CHICAGO — A coalition of conservation groups have sued to stop the Metropolitan Water Reclamation District (MWRD) from dumping raw sewage mixed with stormwater, as well as algae-fueling pollution, into the Chicago River system. Effluent from MWRD’s sewage treatment plants and combined sewer overflow (CSO) pipes regularly violate Clean Water Act standards in the river, the coalition claimed, impacting downstream waters from Chicago all the way to the Gulf of Mexico according to the suit.
“Keeping raw sewage out of our waters is the district’s core responsibility,” said Ann Alexander, senior attorney with the Natural Resources Defense Council (NRDC). “Yet the problem continues unabated, even after three decades and billions of taxpayer dollars. Chicagoland shouldn’t have to wait any longer for the District to do its job right.”
NRDC, Sierra Club, and Prairie Rivers Network filed a federal lawsuit in the Northern District of Illinois. The suit points to discharges of pollution from treatment plants that regularly violate federal standards requiring that discharges not cause or contribute to low levels of oxygen, which fish need to breath; and unnatural sludge or growth of algae, which harms other forms of life in the water.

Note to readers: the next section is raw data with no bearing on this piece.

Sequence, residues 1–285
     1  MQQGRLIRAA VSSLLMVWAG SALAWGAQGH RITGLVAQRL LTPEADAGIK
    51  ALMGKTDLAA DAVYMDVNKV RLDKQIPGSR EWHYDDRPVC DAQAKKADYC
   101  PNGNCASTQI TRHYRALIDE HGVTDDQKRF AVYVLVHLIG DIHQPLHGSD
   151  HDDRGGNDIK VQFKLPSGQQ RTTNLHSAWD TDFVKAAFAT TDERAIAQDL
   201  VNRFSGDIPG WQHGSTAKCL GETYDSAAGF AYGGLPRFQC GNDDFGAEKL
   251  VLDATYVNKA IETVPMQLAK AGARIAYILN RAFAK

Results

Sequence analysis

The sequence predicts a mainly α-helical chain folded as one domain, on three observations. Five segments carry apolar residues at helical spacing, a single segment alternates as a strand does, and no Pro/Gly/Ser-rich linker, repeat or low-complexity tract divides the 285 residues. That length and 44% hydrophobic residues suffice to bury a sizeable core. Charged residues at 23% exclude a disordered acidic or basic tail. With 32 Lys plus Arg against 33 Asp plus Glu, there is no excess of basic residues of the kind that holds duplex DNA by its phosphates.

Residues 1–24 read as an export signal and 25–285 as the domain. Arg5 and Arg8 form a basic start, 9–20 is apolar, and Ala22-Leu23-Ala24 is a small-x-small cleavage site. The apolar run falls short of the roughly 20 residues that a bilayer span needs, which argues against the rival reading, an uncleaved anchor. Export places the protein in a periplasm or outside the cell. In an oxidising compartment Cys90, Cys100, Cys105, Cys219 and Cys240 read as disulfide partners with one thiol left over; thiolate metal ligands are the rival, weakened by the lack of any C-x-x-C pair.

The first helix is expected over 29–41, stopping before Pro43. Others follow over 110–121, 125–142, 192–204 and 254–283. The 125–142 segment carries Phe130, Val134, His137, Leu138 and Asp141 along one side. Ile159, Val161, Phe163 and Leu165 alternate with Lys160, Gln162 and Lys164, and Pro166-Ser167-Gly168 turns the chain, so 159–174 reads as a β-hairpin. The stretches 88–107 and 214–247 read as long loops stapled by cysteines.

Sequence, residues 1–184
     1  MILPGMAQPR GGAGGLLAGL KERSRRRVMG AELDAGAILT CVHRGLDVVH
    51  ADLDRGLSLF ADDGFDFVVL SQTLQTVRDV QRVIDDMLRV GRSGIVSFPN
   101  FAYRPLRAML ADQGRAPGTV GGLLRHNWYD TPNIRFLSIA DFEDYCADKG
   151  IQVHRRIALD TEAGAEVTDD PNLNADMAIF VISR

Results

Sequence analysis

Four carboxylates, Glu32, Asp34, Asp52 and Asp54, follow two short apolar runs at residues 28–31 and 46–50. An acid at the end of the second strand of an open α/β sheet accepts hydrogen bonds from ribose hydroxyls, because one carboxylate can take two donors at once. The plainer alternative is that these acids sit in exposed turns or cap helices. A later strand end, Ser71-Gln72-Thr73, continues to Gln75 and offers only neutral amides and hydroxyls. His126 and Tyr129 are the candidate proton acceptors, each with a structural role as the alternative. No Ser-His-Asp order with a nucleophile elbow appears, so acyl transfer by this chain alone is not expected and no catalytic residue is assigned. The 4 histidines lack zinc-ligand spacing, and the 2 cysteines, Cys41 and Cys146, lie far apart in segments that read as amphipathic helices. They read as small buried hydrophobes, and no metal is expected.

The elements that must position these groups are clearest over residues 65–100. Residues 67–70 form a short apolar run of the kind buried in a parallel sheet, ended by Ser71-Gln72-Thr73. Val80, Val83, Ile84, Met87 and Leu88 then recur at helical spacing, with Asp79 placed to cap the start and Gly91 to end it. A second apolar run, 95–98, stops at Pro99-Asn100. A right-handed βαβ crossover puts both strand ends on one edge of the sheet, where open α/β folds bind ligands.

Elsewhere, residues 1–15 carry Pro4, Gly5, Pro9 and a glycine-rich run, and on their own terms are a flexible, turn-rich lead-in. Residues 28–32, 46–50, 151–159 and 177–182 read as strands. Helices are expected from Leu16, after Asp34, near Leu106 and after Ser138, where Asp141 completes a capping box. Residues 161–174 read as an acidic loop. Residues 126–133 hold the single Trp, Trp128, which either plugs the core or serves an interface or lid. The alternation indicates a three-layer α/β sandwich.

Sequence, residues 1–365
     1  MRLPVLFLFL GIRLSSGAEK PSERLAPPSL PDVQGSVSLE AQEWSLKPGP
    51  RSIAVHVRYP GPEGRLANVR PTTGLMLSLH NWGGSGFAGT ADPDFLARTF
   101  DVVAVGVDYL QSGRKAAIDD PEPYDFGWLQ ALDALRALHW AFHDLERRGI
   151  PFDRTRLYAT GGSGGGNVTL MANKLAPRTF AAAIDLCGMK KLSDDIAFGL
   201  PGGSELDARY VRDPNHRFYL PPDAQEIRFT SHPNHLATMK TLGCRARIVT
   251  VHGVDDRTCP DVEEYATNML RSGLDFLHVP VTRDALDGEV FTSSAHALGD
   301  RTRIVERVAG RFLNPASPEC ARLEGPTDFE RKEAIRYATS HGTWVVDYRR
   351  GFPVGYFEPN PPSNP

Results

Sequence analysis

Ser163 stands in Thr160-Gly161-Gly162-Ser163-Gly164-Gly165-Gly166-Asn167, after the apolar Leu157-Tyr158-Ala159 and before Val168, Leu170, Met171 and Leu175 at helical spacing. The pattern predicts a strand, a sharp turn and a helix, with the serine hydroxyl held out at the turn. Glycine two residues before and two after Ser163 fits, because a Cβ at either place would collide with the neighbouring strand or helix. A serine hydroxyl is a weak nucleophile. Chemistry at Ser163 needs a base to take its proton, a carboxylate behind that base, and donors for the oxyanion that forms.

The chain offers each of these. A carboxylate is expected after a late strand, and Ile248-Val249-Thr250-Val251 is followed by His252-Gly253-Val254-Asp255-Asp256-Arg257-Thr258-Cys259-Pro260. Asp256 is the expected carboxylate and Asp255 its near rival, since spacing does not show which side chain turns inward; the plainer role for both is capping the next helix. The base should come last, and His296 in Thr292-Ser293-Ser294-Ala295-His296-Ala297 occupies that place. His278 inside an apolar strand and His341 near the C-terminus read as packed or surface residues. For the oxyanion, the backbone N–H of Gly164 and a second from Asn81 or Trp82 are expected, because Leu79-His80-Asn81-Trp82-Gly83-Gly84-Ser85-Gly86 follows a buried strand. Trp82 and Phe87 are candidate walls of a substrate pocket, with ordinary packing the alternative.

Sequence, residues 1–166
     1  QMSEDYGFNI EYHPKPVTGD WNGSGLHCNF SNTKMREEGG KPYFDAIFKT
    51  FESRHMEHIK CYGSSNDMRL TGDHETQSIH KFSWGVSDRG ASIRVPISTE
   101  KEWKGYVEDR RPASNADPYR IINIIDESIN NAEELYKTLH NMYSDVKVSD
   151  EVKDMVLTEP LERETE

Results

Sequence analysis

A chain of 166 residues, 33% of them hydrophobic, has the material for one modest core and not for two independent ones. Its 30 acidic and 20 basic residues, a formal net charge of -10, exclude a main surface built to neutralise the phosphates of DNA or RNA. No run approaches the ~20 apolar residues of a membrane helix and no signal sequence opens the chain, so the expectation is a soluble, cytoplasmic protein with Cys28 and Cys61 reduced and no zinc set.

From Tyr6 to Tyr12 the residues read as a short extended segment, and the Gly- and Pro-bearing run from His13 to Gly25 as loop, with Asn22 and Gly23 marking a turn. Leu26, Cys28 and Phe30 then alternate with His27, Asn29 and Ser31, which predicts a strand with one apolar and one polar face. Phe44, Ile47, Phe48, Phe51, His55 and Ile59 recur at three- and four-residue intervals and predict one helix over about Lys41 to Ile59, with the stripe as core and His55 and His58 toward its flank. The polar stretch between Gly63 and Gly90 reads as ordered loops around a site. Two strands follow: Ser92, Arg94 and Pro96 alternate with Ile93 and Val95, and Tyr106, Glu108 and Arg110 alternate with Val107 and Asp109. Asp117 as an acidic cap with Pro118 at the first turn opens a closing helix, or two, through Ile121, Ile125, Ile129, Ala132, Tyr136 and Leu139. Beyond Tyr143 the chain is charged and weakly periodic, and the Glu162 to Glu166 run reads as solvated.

MWRD manages water infrastructure in the nearly 900-square-mile region in Cook County. This includes the area’s sewer lines and sewage treatment plants, most notably the three plants that are the subject of the lawsuit — Calumet, North Side, and Stickney. These plants, the largest in Illinois, are authorized to release more than a billion gallons of wastewater every day to Chicago waters, and that wastewater contains large amounts of phosphorus, according to the coalition. Excess phosphorus acts as an unnatural fertilizer triggering growth of algae, aquatic plants and bacteria that block sunlight needed by other aquatic life, sucks the oxygen out of the water, and can potentially be toxic.
Phosphorus is also a major cause of the Dead Zone in the Gulf of Mexico, a huge area in the Gulf where fish and other forms of life cannot survive. Chicago waters, which consist primarily of effluent from the MWRD plants, have been shown to be the largest single contributor of phosphorus to the Dead Zone. As treatment plants around the region address phosphorus, MWRD has fallen behind results achieved by water systems in many Midwestern cities and towns, including Detroit, Milwaukee, and Minneapolis.
MWRD’s water infrastructure also includes dozens of overflow points where untreated sewage combined with storm water pour into the river during rain events that overwhelm the district’s treatment plants. The sewer system of Chicago, like many older cities, combines wastewater with stormwater, sending both through the same system of pipes to the sewage treatment plants that are spread around the Chicago area. Because the system is combined, stormwater floods the pipes beyond the capacity of sewage treatment plants, forcing raw sewage and rain water directly to Chicago waters through overflow pipes.